Saturday, May 23, 2009

What IS science fiction anyway?

Search on Google for science fiction and you'll get 81,000,000 hits.

The top 10 listings are the Wikipedia definition, the SF site best in science fiction and fantasy, the Science Fiction and Fantasy Writer's of America, Asimov's Science Fiction, Science Fiction Weekly, the Ultimate Science Fiction web guide, science fiction films, science fiction blog posts, and even a site called The Webiste at the end of the universe with a post entitled "Rehabilitating obscure science fiction writers".

Lots of information floating around on the web, but just what IS science fiction? says that Science Fiction is "a broad genre of fiction that often involves speculations based on current or future science or technology". After discussing places where science fiction can be found, such as books, games, and films, it also says "Science fiction is difficult to define, as it includes a wide range of subgenres and themes."

Indeed, science fiction can be very hard to define and people have gotten into shouting matches, online flame wars, and furious debates over whether some book or move is (or is not) classifiable as sci-fi.

It's not the "fiction" part of science fiction that's hard to define. Fiction is the opposite of fact. Fiction is something that is made up at least partly. When your child tells you they only took 1 cookie out of the package, but they actually took two cookies, your child is telling you fiction. Fiction is easy to spot and define. It's the science part that causes people fits.

Is it necessary to go into all the nuts and bolts of why the technology in a story works for it to be science fiction? Some people say yes, some no. Is it necessary to have technology in a story at all for it to be science fiction? Again, some will say yes and some no.

Perhaps the easiest way to define what science fiction is, is to define what it is not.

It is not wizards and witches casting spells. it is not knights in shining armor battling dragons for the hand of a fair princess. It is not...

But wait, maybe it IS those things after all. Take Star Wars for example. What was Obi Wan Kenobi? A Jedi Knight with heavy psionic powers who traveled from place to place via mechanical transportation (at least until he died). But he wore a robe. He cast illusions (these are not the droid's you're looking for) and he spoke about mystical energies (the forces). The evil Jedi Emperor even cast a lighting bolt spell when trying to kill Luke in one of the later movies.

Star Wars had an evil wizard (Darth Vader) a beautiful princess, a dashing rogue, a handsome knight in shining ... well in robes (luke) and even a dragon to slay (so what if it was round, named the Death Star, and breathed fire at an entire plane?). All the elements of a traditional fantasy story, but because the trappings are technology based (blasters instead of wands, land speeders instead of flying carpets) it earns the Science Fiction tag. Though to be fair to the hard core sci-fi enthusiasts who insist that science fiction must be about the technology itself, Star Wars can also be classified as Space Opera or Science Fantasy.

So what is Science Fiction? There seems no way to come up with a definitive explanation that will satisfy everyone, and perhaps that's not a bad thing after all.

Some recommended reading material for those of you wanting to delve deeper into the realms of Science Fiction:
The Revolving Boy by Gertrude Friedberg
The Alien Way by Gordon R. Dickenson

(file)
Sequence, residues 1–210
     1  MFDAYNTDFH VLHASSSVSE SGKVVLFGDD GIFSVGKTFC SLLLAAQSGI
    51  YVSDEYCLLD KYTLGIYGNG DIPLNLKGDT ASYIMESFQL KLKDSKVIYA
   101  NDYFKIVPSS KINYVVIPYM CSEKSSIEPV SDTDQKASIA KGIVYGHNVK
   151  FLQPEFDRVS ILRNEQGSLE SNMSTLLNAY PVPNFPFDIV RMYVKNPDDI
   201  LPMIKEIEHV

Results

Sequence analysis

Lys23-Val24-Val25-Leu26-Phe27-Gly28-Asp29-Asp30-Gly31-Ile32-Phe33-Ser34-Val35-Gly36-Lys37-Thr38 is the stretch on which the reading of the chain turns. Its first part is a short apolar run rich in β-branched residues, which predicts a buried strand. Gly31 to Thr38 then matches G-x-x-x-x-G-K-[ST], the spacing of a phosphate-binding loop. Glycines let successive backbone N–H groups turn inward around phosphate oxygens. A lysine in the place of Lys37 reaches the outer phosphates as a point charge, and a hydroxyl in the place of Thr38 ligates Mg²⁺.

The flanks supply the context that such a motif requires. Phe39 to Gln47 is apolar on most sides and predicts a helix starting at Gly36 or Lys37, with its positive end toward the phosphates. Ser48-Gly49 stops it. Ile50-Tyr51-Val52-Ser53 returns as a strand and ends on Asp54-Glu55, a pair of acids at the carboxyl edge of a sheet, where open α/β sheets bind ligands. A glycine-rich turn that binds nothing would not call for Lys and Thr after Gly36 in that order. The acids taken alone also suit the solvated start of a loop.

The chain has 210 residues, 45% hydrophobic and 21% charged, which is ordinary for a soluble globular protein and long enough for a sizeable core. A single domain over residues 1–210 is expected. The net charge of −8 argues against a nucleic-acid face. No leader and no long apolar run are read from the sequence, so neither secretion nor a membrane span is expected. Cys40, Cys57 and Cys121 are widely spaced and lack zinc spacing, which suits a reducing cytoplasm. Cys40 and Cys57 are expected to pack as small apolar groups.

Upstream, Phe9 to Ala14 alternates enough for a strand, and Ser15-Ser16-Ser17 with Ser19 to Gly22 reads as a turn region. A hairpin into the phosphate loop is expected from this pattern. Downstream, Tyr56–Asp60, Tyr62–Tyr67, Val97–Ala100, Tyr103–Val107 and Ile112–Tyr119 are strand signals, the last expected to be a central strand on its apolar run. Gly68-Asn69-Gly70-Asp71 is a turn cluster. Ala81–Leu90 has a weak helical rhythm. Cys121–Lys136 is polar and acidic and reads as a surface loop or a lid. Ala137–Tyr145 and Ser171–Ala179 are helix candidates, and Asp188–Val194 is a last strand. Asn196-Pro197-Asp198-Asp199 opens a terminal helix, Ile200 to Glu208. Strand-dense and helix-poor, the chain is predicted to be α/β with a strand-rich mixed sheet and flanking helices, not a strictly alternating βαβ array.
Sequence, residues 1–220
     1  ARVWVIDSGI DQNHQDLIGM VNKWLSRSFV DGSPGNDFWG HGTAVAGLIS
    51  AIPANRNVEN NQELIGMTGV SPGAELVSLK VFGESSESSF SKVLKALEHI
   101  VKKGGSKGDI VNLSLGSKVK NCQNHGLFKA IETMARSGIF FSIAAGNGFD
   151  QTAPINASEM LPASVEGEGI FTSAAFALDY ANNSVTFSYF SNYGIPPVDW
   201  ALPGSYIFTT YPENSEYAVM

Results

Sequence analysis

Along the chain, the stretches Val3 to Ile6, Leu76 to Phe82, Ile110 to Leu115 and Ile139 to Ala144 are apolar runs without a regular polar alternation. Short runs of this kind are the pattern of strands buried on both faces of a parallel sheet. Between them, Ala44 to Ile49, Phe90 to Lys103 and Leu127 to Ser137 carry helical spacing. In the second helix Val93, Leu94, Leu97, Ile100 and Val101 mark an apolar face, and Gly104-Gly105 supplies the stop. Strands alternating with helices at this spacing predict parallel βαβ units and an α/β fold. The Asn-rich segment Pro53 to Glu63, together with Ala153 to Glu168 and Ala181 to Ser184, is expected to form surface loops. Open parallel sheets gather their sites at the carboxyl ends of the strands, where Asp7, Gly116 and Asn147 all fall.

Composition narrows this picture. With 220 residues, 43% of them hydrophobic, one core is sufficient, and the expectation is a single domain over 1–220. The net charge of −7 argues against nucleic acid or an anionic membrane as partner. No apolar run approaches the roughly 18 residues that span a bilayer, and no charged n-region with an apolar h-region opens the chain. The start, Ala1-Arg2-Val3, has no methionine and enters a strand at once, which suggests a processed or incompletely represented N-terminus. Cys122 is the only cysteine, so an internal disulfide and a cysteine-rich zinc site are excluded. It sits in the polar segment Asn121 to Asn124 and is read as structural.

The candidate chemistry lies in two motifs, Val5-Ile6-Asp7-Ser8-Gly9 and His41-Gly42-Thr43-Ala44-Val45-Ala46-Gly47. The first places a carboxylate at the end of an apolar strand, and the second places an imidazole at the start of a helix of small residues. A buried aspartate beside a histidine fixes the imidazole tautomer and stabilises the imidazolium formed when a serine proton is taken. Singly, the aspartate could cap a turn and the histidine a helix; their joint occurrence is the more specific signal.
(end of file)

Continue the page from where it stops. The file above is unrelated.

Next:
The X Factor by Andre Norton
R Is for Rocket by Ray Bradbury

And remember, there's a nice selection of short science fiction stories on Abandoned Towers magazine at

Until next time, happy landings!


Dave Tackett said...

I think much of the difficulty in defining science fiction is caused by authors/editors attempting to create a prescriptive, rather than a descriptive, definition.

Anyone can describe the type of stories that have traditionally been called science fiction. It's only when the discussion turns to what should be published under the label science fiction that the confusion begins.

graywave said...

I think the difference between science fiction and other 'speculative' genres is that sci-fi is reality-based. That is, it takes what we know now about the real world, or what we can reasonably extrapolate from it, and bases stories in circumstances that are conceivably possible.

Other speculative genres can invent whatever strange universes they like, irrespective of plausibility - magic, psychic powers, gods, you name it.

And that's why I like sci-fi so much. It doesn't matter what might happen in a world of wizards and angels, because it doesn't and never will exist. But it matters very much what a world of space colonies and brain implants would be like and how the human story might unfold in such a place.

Beam Me Up said...

GREAT post CW! That will be a program opener for sure! Thanks!

David Scholes said...

I was recently published in the US with a collection of short science fiction stories. Included among them were three alternate history stories and two (what I would describe) alternate reality stories.

Almost as an afterthought I wondered if those extra stories were truly science fiction?

Conventional thinking seems to be that alternate history at least is a sub-genre.

Anyway, why don't you be the judge. The link to my author page is:


Beam Me Up said...

cheeky way of adverting the book Dave... ;) However the points are valid.

Anonymous said...

But the creators of Star Wars admitted that it was not sci-fi in 1977. The trouble is what people regard has SF has changed since then. Star Wars has helped change what people think.

{{{ Time magazine, May 30, 1977 issue:

"But as Lucas and Producer Kurtz quickly point out, Star Wars is not science fiction but space fantasy. 'Space fantasy allows you more rein to say what you want to say,' explains Kurtz. 'So that's what we call it.'" }}}